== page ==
US 6363672 B1
A log construction, such as a log home or log cabin. The construction includes a plurality of horizontal logs extending between vertical log posts. A cap log can extending across a length of at least three vertical log posts. The load of the structure, particularly the roof, is supported by the vertical log posts. The ends of the horizontal logs abut and are preferably secured to the vertical posts. In one embodiment, old or dead logs, rather than green logs, are used in the construction.
1. A log construction comprising at least one exterior wall comprising:
(a) a first plurality of horizontal logs extending from and secured to a first vertical post and to a second vertical post;
(i) the first plurality of horizontal logs having a first end face and a second end face, the first end face having a first log groove therein and the second end face having a second log groove therein;
(ii) the first vertical post having a first post groove therein;
(iii) the second vertical post having a second post groove therein;
(iv) a first spline positioned in each of the first log groove and the first post groove, so as to connect the first plurality of horizontal logs to the first vertical post; and
(v) a second spline positioned in each of the second log groove and the second post groove, so as to connect the first plurality of horizontal logs to the second vertical post;
(b) a second plurality of horizontal logs extending from and secured to the second vertical post and to a third vertical post;
(i) the second plurality of horizontal logs having a third end face and a fourth end face, the third end face having a third log groove therein and the fourth end face having a fourth log groove therein;
(ii) the second vertical post having a third post groove therein;
(iii) the third vertical post having a fourth post groove therein;
(iv) a third spline positioned in each of the third log groove and the third post groove, so as to connect the second plurality of horizontal logs to the second vertical post;
(v) a fourth spline positioned in each of the fourth log groove and the fourth post groove, so as to connect the second plurality of horizontal logs to the third vertical post;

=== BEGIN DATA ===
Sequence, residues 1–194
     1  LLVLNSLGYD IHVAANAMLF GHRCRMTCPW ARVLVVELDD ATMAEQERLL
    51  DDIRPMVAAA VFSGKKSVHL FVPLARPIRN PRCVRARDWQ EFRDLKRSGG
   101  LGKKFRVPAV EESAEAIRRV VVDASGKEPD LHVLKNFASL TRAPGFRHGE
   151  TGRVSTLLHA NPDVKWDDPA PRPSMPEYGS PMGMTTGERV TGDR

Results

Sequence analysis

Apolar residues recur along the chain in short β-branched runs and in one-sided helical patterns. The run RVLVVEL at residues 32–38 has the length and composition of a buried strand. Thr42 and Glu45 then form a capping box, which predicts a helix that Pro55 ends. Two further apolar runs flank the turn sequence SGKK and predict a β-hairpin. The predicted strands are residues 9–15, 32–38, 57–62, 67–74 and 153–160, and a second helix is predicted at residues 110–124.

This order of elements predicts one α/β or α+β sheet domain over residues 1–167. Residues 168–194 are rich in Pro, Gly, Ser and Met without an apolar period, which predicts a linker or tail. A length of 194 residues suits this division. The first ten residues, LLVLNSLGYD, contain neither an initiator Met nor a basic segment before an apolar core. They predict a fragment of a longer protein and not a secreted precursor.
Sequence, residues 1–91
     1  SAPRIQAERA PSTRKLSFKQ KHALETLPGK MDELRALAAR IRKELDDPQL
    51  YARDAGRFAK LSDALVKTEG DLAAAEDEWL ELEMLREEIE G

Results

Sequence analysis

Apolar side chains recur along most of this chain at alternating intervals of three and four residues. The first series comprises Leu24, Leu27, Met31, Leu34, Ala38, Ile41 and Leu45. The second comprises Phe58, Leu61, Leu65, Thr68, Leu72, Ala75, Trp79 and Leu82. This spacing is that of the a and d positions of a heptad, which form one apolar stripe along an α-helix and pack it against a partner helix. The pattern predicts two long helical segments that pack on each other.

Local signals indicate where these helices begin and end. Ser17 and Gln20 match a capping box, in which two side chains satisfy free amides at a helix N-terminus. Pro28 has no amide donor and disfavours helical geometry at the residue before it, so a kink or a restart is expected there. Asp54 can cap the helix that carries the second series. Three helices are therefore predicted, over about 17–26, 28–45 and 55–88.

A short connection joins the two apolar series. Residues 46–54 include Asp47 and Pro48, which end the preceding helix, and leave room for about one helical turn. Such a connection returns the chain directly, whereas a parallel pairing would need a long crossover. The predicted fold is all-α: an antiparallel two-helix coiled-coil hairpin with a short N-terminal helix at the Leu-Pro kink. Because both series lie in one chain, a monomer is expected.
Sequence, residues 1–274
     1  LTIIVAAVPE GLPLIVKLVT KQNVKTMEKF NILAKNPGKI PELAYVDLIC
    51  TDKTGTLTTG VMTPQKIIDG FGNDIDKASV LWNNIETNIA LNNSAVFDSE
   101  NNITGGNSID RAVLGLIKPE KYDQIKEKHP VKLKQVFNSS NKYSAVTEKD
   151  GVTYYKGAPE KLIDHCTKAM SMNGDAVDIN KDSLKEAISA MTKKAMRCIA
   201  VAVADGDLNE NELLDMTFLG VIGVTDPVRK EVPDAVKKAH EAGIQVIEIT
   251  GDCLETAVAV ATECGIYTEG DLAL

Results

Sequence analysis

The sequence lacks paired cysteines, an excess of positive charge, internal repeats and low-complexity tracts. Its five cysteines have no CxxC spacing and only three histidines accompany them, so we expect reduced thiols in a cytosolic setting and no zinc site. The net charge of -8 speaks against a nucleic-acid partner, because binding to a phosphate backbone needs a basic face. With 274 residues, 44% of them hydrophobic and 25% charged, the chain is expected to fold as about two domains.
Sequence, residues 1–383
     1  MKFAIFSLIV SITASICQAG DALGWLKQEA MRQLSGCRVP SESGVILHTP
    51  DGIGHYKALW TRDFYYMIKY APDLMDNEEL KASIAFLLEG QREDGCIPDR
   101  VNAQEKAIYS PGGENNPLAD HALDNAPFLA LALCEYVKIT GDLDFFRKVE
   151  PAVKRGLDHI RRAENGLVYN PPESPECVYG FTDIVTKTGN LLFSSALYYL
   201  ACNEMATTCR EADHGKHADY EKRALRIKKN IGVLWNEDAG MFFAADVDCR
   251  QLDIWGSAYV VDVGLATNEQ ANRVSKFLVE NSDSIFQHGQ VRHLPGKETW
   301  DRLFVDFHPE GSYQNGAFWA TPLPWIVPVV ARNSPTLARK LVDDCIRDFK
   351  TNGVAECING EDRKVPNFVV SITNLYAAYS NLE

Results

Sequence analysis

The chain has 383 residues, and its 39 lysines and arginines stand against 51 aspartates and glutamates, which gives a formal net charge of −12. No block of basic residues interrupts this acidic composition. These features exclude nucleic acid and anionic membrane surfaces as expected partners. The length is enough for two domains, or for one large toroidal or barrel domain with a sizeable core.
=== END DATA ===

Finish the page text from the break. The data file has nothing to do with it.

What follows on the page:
(vi) the first plurality of horizontal logs being coplanar with the second plurality of horizontal logs; and
(c) a cap log positioned above and extending across the first plurality of horizontal logs and the second plurality of horizontal logs, from the first vertical post to the third vertical post.
2. The log construction according to
3. The log construction according to
4. The log construction according to
5. The log construction according to
6. The log construction according to
(a) the first vertical post is positioned approximately 15 feet from the second vertical post.
7. A log construction having an exterior wall, the exterior wall comprising:
(a) a plurality of vertical corner posts, one of the plurality of vertical corner posts positioned in each corner of the log construction;
(b) a second plurality of vertical posts, at least one of the second plurality of vertical posts positioned within the exterior wall between each corner;
(c) multiple horizontal logs, each of the multiple horizontal logs extending between and secured to at least one adjacent vertical post, wherein the adjacent vertical post is from the plurality of vertical corner posts, the second plurality of vertical posts, or the combination thereof;
(d) a plurality of splines positioned between and secured to one of the plurality of vertical corner posts or one of the second plurality of vertical posts and to multiple horizontal logs; and
(e) a cap log extending from a first post of the plurality of vertical corner posts to a second post of the plurality of vertical-corner posts.
8. The log construction according to
9. The log construction according to
10. The log construction according to
11. The log construction according to
12. The log construction according to
13. The log construction according to
14. The log construction according to
15. A method of making a lo construction the method comprising:
(a) building a first wall section by;
(i) providing a first post;
(ii) positioning a second post parallel to the first post;
(iii) connecting the first post and second post with a first plurality of logs extending perpendicular to the first post and to the second post, wherein the first plurality of logs is secured together and to the first post and to the second post;
(b) building a second wall section by:
(i) providing a third post;
(ii) positioning a second plurality of logs extending perpendicular to the third post, wherein the second plurality of logs is secured together and to the third posts;
(c) positioning the second wall section adjacent to and planar to the first wall section and securing the second wall section to the first wall section at the second post; and
(d) placing a cap log on the first wall section and the second wall section, the cap log extending from the first post to the third post.